Repetitive head impacts lead to early death for NFL players
Credit: JAMA Network Open
A new study published Monday in the Journal of the American Medical Association (JAMA) by researchers from the David B. Falk College of Sport and Human Dynamics at Syracuse University shows that an increase in repetitive head impacts for NFL players leads to an increased risk of premature death.
Recent national attention has focused on the long-term effects of concussions on NFL players, including chronic traumatic encephalopathy (CTE). But repetitive head impacts that do not result in concussions can also lead to CTE and premature death, the study shows.
Led by Brittany Kmush, Ph.D., an assistant professor of public health at Syracuse University, the research team studied nearly 14,000 NFL players from 1969-2017 and created a cumulative head impact index determined by combining padded practice time and games played as reported in Pro Football Reference.
“We wanted to see if there was an association between repetitive head impacts and mortality among professional football players,” Kmush said. “We found that increasing head impacts, not just concussions, increased the risk for mortality among NFL players.”
The article “Association of Professional Football Cumulative Head Impact Index Scores With All-Cause Mortality Among National Football League Players” was published today as part of the JAMA Network Open, a monthly open access medical journal covering all aspects of the biomedical sciences.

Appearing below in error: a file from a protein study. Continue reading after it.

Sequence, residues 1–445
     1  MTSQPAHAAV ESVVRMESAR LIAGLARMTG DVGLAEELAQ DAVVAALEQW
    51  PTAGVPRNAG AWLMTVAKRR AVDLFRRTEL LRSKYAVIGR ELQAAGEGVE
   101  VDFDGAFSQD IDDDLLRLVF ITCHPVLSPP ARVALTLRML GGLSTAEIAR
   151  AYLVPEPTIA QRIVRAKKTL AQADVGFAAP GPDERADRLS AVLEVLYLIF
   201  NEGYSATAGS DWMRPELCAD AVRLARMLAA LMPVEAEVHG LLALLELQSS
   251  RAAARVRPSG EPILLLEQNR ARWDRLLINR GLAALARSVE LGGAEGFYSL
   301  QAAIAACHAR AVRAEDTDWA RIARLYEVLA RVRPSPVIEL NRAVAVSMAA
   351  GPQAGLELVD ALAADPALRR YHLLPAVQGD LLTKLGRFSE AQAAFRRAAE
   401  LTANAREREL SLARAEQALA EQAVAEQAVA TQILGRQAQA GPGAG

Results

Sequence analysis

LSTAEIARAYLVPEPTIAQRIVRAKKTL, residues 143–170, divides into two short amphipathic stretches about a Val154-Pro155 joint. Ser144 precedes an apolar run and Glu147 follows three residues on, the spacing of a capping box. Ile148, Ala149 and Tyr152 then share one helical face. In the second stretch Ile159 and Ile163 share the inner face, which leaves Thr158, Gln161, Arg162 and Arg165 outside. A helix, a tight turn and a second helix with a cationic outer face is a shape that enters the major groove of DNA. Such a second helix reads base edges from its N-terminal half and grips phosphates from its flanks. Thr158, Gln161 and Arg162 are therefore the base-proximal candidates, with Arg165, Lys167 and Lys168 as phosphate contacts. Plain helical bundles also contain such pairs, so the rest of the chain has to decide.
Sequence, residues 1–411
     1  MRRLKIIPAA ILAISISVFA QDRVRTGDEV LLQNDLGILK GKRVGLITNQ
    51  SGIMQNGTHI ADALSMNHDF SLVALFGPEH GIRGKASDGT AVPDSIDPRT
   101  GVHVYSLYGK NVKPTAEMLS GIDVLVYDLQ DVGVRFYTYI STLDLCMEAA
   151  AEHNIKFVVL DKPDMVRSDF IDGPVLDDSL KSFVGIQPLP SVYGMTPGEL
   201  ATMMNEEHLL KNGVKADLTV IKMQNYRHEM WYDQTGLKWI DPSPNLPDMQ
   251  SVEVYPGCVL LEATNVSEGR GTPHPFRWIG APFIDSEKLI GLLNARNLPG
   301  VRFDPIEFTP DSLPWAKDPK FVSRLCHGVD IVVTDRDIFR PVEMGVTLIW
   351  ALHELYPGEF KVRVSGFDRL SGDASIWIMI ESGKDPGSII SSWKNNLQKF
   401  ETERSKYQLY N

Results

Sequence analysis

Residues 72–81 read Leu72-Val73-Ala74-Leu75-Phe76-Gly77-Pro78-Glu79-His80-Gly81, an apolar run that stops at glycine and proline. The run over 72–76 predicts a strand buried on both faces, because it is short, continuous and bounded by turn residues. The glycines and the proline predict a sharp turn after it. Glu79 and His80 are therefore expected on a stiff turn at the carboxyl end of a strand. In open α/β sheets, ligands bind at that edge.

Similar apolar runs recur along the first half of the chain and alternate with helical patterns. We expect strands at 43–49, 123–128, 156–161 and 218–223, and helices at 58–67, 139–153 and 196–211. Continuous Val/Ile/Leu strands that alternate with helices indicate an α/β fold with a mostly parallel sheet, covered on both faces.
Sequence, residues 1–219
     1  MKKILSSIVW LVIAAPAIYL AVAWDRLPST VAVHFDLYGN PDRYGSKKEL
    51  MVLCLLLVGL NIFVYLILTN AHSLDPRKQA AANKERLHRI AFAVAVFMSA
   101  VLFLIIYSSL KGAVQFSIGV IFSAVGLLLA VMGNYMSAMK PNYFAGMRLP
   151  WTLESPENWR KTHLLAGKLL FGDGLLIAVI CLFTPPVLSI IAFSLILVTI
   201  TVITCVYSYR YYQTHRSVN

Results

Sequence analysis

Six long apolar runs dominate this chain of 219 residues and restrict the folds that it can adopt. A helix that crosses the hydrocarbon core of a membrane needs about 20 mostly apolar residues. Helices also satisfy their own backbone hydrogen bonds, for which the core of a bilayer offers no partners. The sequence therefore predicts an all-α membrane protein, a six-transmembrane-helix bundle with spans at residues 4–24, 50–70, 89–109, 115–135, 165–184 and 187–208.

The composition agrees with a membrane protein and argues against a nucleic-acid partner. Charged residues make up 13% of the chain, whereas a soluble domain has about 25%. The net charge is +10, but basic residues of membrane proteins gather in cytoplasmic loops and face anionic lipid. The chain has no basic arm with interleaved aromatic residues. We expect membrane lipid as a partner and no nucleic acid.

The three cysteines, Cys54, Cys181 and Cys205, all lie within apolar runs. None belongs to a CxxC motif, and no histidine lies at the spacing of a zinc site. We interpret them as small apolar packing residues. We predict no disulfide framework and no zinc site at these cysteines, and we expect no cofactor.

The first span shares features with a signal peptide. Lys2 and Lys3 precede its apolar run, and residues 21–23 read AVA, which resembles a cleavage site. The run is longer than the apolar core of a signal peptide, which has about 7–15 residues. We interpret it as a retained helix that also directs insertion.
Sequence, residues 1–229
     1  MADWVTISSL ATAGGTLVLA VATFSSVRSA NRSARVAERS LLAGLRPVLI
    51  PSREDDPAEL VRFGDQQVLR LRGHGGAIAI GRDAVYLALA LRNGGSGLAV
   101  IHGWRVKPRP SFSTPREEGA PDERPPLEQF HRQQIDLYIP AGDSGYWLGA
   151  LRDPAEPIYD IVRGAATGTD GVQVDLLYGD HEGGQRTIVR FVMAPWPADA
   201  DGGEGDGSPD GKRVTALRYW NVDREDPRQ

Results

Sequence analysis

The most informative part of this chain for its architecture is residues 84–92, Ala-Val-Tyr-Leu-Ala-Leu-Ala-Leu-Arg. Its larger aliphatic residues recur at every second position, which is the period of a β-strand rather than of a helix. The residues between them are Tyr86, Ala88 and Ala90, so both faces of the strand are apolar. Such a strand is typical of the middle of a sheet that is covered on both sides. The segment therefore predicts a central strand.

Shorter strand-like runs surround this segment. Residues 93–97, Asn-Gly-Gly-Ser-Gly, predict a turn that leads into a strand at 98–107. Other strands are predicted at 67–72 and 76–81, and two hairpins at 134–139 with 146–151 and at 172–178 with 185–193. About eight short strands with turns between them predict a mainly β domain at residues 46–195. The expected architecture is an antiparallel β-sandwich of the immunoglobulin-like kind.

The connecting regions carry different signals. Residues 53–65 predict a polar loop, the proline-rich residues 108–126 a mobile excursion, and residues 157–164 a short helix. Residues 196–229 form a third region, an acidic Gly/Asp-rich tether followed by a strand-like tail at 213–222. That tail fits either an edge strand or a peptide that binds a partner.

To account for a player’s position, the researchers used a player position risk adjustment based on helmet accelerometer studies developed by Boston University’s Alzheimer’s Disease and CTE Center at the Boston University School of Medicine. The study adjusted for birth year, body mass index and height, and it did not include special teams’ players because there was no data for that group of players.
The research suggests that the continued application of rule and equipment changes that minimize repetitive head impacts will lower the mortality risk.
“NFL players are a highly selected group of people; we need future studies to focus on the effects of head impacts on youth, high school, and college football players as well as expand this research into other sports and activities,” Kmush said. “Our goal is to make sports safer.”
The Syracuse University team included Kmush, public health Master’s student Madeline Mackowski, Sport Management assistant professor Justin Ehrlich, Public Health assistant professor Bhavneet Walia, Public Health/Applied Statistics professor Arthur Owora, and Sport Management associate professor Shane Sanders.